Among the first to go were secretaries, whose work largely was turned over to computers. Managers whose duties in the four CT companies overlapped were released. Draftsmen, who once spent long hours at drawing boards, have in a number of cases been replaced--again, by computers.

Now, instead of going to the boards, CT designers go to their screens. Computer-aided design "reduces significantly the amount of time we used to devote to drafting, because it simplifies the job for the engineers," Lindgren said. "We won't need as many draftsmen to do a job."

Nor will CT need as many skilled machinists, which is both ironic and instructive. Machine toolmakers for years have complained about an acute shortage of skilled labor, caused mostly by the frequent boom-and-bust cycles of their industry.

When cars and appliances and other durable goods are selling, manufacturers are ordering new tools, or are repairing old ones. In any case, it means business for the toolmaker and employment for skilled labor.

But when things go bust, the new orders stop coming. Skilled workers are let go, and often move on to other pursuits or towns. That means training new people to meet renewed demand in good times.

Training is doubly expensive. There is the direct cost of teaching skills. And there is the cost of time--orders can't be filled until there is someone, or something, to fill them.

CT and other toolmakers are going the "something" route. Computerized numerically controlled machines, using encoded numerical data, conduct metal-cutting operations, often with more precision than their well-trained human counterparts. Other numerically controlled machines, which require some human assistance, also are important.

"A journeyman machinist with several years' training can be outperformed five-to-one, in terms of production, by a guy with several month's training who is using a numerically controlled machine," said CT spokesman Richard O. Priebe. "That's a tremendous increase in productivity."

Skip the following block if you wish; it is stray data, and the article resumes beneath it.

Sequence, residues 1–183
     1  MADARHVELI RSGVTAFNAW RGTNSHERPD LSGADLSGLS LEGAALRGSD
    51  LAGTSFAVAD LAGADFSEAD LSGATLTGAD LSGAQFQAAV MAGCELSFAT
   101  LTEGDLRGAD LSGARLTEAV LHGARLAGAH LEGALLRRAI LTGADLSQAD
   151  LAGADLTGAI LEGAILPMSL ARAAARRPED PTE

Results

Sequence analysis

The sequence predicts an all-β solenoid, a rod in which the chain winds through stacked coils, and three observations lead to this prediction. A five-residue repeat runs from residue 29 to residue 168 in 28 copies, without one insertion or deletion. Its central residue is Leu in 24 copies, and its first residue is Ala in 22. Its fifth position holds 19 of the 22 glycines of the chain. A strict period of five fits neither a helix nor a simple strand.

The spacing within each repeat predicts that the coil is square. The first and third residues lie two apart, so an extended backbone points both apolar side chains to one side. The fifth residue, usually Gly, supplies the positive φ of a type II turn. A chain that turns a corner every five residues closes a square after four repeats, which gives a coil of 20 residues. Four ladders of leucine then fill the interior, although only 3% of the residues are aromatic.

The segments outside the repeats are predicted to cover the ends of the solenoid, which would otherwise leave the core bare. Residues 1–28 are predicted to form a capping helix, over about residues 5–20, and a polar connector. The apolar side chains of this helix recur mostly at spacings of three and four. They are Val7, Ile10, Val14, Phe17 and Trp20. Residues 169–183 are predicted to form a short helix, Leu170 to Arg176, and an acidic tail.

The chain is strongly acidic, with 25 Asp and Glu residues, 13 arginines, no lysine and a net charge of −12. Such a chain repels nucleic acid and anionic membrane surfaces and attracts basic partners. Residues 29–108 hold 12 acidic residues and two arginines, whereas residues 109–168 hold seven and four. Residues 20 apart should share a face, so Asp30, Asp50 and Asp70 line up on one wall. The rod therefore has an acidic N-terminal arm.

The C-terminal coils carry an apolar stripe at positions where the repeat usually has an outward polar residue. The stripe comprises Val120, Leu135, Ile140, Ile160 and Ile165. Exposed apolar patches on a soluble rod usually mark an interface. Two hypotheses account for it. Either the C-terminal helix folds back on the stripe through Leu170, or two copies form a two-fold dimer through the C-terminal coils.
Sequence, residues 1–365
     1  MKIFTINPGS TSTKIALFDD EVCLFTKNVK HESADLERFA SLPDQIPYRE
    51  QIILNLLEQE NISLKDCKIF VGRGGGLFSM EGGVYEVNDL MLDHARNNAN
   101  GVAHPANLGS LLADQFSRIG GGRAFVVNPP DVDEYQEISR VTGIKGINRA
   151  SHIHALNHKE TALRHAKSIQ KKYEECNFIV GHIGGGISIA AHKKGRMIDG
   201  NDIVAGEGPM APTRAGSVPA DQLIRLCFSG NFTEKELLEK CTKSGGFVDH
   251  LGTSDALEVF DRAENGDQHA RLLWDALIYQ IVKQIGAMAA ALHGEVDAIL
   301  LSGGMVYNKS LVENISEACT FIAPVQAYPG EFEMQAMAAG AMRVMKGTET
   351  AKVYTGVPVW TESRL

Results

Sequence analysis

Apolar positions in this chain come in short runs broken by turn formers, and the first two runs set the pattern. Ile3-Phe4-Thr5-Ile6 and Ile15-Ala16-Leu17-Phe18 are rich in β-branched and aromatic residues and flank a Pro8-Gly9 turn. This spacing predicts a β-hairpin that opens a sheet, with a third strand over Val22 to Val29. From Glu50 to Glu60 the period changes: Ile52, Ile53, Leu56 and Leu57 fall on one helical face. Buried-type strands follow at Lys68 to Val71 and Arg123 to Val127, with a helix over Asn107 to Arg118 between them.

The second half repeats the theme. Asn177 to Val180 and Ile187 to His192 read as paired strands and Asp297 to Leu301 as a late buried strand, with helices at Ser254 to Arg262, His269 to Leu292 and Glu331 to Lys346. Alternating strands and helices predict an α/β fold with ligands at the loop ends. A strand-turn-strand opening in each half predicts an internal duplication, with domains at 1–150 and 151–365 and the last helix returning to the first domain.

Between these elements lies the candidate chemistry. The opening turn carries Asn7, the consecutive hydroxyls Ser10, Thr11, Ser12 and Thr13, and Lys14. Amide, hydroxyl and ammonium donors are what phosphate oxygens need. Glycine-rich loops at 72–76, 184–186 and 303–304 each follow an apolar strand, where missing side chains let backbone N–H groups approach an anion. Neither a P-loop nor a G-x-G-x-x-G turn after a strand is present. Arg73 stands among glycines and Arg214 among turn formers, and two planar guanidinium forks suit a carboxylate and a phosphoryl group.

CT's sales were $381 million last year, a nearly 7 percent drop from $409 million in 1981. The company's net earnings fell nearly 5 percent, to $39 million last year from $41 million a year earlier. That relatively stable performance at a time when many other domestic machine toolmakers were sinking in red ink came largely from cost-cutting, said Lindgren, whose company is the third largest domestic machine toolmaker in terms of sales.

"Our sales amounted to almost $100,000 per employe in 1981, but we'd like to get that to $200,000 per employe, or higher," Lindgren said. To achieve that goal, CT built new, highly automated plants at Port Huron, Mich., and Georgetown, Ky.

The romance of the industry was embodied in the craftsmen, standing by his lathe, deftly cutting metal that would become a gear or another part of a machine used to produce a car or tractor. He worked amid the noises created by the manual and motorized movement (remember forklifts?) of parts from one work station to another.

Not so at Georgetown. There, 52 computerized numerically controlled machines go about the business of cutting metal. Parts move smoothly from one machine to another, without human help. After reaching their destination, the parts are processed and stored automatically. The conveyor is a crane, controlled by a microprocessor, which automatically stores and moves all parts in the system, and which does the loading and unloading of machines.